“Read more books” is one of those New Year’s resolutions that gets migrated over every year. In December you start seeing those re-circulating articles about how reading fiction increases empathy, how reading more books makes you smarter, and so on with every conceivable positive state. Reading is just the thing to do and this year is the year you’ll read more…
And so it begins.
I know. I get that dopamine hit every time I see a new Reading Challenge (this is a great master list, by the way). I get launched back into my honeymoon phase of any new venture (which is why shiny object syndrome is a thing – I have it with books, big time!), pumped to READ. ALL. THE. THINGS.
But wait! Isn’t this blog all about helping writers? Why is she talking about reading? Well, reading and writing are both essential parts of the writer’s life. The more you read, the more you improve your writing. Period. So whether you want to read more for fun or for your ambitious writerly goals, this blog post will give you some basic tips on how to read more books every year.
Good news for you. You don’t have to wait for the New Year to start reading more.
Here are my most practical methods to actually accomplish your reading goals, whether it’s 12 books a year or 100 or 5. I’ll walk you through how I set up my life so that I can maximize the reading potential of every conceivable situation. I’m only half kidding.
Here we go.
1. Give Yourself Easy Access to Books
This sounds obvious because it is. If you want to read more, you have to have books lying around. And you have to have the potential to acquire a book you hear or read about in a matter of seconds. This means you need to have access to books and immediate access to tools that will conveyor belt books to you. Your access to books should be as easy as your access to Netflix. But how?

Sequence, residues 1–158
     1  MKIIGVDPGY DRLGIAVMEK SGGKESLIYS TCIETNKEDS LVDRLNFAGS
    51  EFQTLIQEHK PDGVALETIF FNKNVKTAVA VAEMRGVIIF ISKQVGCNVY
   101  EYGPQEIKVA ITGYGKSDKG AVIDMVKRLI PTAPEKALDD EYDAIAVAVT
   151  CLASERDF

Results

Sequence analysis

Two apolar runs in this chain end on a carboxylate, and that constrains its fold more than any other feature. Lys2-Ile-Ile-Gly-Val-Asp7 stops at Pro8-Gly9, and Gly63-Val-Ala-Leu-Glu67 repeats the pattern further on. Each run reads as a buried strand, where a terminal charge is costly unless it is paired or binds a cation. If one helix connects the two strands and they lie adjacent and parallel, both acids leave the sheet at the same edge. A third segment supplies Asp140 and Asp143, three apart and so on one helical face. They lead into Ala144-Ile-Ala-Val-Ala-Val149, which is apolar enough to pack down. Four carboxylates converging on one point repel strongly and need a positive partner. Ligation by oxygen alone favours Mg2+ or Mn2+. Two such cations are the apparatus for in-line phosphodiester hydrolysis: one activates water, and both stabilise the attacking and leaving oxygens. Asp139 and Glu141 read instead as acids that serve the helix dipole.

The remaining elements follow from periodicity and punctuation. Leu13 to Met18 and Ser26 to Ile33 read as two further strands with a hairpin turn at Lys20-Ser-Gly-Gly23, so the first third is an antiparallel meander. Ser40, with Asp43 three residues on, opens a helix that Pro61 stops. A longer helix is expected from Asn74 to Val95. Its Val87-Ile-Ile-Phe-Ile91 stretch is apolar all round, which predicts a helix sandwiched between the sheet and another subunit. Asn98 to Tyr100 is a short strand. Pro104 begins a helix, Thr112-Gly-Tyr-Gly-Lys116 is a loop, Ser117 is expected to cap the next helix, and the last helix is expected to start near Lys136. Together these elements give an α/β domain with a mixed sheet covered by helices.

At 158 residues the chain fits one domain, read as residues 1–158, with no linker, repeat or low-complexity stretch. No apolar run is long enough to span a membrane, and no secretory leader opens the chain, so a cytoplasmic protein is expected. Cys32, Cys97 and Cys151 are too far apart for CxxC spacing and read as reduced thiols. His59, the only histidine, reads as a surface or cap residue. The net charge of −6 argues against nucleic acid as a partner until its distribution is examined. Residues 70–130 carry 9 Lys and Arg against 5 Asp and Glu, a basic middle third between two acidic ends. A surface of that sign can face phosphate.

Get a library card
My friends are sick of me harassing them about this. But let me shout it from the hilltops: Find the nearest library branch in your city and get a library card.
To successfully read books means getting your hands on more books easily and affordably. This is a crucial function of public libraries. You get free access to a seemingly infinite supply of books at your fingertips. For free – I could repeat that over and over. If you read a book that blows your mind and you just have to own it, then go ahead and buy it. But if you have to buy every book you read at full price, that’ll break the bank. So get a library card. You can probably do it online (and if not, just walk into a library branch and ask any librarian). They should be thrilled to help you.
Set your home branch to easily get books delivered to you
Once you have your library card, set the nearest branch to your house as your home branch (if available). This means you can put books on hold and have them delivered to this branch. Usually you will get an email telling you when your books are ready for pick-up. The key is to make acquiring books easy, a process that is seamlessly built into your day with no added effort. Just like you’re less likely to exercise if your gym is across town, you won’t read as many books if it’s hard to get your hands on them. One pro tip is to add a bookmark to your library on the home screen of your phone.
Make it easy. Get a library card. Go ahead. I’ll wait 🙂